User requirements for sustainable South African Water Management
What are the information needs and requirements of operational water managers in South Africa? Which new services and applications can help them with their biggest challenge: water scarcity?
During the first half of 2019, colleagues from HydroLogic have travelled multiple times to South Africa to acquire information and investigate the needs and challenges of the South African Catchment Management Agencies (CMA’s) who are responsible for the operational management of the available water resources.
Clear communication and data-sharing
South Africa suffers from water stress. The water availability is higher than the water demand. Every drop of rainfall needs to be optimally used and distributed. For CMA’s, monitoring the water availability and providing sufficient water to stakeholders are key tasks. CMA’s want open and transparent water management, which means that data-sharing and communication with stakeholders and colleagues (e.g. municipalities and (inter)-national government) has a high priority. Ideally, weather- and water data derived from both in-situ and remote sensing data, combined with local knowledge (e.g. international obligations, local thresholds) is shared through a central platform that all stakeholders can reach.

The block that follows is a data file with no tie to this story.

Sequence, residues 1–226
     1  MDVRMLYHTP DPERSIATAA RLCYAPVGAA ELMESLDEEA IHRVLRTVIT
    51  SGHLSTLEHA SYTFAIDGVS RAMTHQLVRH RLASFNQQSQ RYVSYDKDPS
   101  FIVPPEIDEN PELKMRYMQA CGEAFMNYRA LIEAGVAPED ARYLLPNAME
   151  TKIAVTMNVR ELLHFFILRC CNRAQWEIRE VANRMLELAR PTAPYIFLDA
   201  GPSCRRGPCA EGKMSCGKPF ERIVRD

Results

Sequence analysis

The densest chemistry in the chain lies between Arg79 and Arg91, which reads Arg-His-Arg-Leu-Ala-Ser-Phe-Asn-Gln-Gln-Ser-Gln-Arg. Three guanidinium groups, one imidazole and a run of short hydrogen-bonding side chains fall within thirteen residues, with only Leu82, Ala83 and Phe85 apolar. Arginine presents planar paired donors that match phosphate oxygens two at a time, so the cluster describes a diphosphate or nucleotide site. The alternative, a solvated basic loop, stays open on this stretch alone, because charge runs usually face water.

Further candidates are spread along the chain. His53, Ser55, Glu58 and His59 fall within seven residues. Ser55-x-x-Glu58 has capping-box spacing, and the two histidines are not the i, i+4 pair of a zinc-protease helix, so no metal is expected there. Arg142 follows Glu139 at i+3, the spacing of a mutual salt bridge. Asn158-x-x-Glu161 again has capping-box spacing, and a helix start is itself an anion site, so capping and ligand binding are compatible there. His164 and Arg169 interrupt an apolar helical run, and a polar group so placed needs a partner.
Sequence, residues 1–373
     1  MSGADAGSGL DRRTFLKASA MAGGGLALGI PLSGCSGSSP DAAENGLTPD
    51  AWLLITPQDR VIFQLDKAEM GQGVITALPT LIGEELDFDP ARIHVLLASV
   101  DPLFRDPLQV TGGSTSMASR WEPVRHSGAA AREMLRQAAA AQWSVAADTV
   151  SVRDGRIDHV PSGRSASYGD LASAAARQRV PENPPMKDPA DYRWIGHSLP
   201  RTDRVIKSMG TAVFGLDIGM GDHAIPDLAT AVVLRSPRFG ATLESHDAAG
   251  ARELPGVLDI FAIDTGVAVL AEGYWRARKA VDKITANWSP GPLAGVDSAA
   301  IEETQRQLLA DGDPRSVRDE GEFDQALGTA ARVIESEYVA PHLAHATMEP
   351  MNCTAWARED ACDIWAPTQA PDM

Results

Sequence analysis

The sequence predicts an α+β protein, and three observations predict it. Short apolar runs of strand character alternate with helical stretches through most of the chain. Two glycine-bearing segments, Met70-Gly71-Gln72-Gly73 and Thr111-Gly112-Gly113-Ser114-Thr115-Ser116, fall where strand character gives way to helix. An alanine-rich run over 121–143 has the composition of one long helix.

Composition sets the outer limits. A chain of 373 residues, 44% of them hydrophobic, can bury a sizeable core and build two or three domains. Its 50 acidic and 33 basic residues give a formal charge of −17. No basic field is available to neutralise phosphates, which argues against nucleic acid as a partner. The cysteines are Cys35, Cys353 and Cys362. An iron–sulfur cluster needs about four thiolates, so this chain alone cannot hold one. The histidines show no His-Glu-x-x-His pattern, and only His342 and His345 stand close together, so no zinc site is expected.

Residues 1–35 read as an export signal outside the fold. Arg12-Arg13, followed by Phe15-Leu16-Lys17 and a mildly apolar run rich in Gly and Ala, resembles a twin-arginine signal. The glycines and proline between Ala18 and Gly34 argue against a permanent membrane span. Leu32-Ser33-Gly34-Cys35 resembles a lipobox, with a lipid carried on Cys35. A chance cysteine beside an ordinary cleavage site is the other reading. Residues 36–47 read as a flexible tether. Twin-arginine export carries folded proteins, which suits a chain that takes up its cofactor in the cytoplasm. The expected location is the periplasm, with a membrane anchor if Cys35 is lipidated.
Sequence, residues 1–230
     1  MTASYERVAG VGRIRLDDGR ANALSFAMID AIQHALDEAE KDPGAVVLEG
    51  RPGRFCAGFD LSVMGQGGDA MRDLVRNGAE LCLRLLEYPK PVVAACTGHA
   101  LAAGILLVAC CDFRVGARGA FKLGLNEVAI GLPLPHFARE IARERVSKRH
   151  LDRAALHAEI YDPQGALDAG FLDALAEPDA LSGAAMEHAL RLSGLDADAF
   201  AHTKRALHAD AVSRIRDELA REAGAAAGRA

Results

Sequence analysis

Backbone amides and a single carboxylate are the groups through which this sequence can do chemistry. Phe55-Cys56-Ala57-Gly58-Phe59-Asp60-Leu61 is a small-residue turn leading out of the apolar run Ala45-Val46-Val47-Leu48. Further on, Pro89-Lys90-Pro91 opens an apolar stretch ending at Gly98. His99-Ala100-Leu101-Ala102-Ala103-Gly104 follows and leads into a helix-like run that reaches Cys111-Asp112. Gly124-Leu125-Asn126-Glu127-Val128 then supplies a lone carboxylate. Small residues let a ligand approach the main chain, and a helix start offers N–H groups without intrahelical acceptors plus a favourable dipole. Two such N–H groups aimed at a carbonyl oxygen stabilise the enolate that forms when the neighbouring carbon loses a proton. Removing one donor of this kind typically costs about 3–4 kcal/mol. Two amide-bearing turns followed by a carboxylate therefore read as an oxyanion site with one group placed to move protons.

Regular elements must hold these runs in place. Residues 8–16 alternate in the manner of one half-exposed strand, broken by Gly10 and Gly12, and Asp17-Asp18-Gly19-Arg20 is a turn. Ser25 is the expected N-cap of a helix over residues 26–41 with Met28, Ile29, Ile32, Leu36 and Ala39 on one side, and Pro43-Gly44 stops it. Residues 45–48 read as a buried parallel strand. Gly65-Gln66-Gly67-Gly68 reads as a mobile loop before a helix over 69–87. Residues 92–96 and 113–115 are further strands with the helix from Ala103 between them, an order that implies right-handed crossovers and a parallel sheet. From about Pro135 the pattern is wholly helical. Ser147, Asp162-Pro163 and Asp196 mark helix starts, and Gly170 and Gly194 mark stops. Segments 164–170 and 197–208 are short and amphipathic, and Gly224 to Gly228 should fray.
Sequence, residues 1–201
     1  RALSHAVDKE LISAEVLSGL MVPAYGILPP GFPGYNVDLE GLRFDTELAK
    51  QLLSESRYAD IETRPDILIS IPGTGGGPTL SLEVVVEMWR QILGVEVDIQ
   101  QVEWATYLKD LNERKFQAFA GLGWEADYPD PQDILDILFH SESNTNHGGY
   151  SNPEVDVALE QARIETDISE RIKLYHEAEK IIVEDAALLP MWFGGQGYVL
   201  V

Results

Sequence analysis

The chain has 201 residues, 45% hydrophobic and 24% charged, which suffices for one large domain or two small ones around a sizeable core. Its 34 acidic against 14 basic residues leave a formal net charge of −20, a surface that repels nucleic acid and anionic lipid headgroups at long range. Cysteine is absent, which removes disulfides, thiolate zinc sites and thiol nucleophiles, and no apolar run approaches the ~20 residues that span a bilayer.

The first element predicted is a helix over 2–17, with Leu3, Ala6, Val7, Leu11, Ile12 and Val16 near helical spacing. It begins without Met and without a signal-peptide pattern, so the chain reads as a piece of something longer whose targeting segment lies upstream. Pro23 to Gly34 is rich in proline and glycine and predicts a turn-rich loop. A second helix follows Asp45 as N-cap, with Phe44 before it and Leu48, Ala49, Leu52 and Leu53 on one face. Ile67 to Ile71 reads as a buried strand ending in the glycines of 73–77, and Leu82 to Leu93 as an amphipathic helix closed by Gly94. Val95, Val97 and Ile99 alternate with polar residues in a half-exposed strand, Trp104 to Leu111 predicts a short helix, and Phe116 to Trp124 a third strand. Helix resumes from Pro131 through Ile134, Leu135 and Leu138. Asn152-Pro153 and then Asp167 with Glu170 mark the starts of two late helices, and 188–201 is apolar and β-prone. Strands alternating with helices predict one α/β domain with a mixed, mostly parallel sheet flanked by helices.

Such potential data services fit right into the TWIGA project. The objective of TWIGA is providing unavailable geo-information on weather, water and climate for sub-Saharan Africa by enhancing satellite-based geo-data with innovative in situ sensors and developing related information services that answer needs of African stakeholders and the GEOSS community.
Real-time water balance
Another frequently raised question is also related to water availability: how much water is left in the reservoirs? We noticed that this question came up at almost every conversation with a South African operational water manager. Together with Dr. Tendai Sawunyama (Senior Manager River Systems, Planning and Operations at the Inkomati-Usuthu Catchment Management Agency (IUCMA) in South Africa) and Lington Skhosana (Head IT at IUCMA) we discussed this issue and came up with a conceptual plan for the implementation of a real-time water balance of dam-lakes. This would give water managers better insight in the fluxes in- and out of dam-lakes and could also serve as an early warning for potential water shortage.
During our travels to Southern Africa, countless valuable other ideas (from drone-derived volume measurements to ground-water measurements in a platform) related to water-management was discussed. The input from Southern African water authorities was immense and much appreciated. This, once again proves that discussing matters with African colleagues in person and on location is essential for business development.
This project has received funding from the Europan Union’s Horizon 2020 Research and Innovation Programme under grant agreement No. 776691.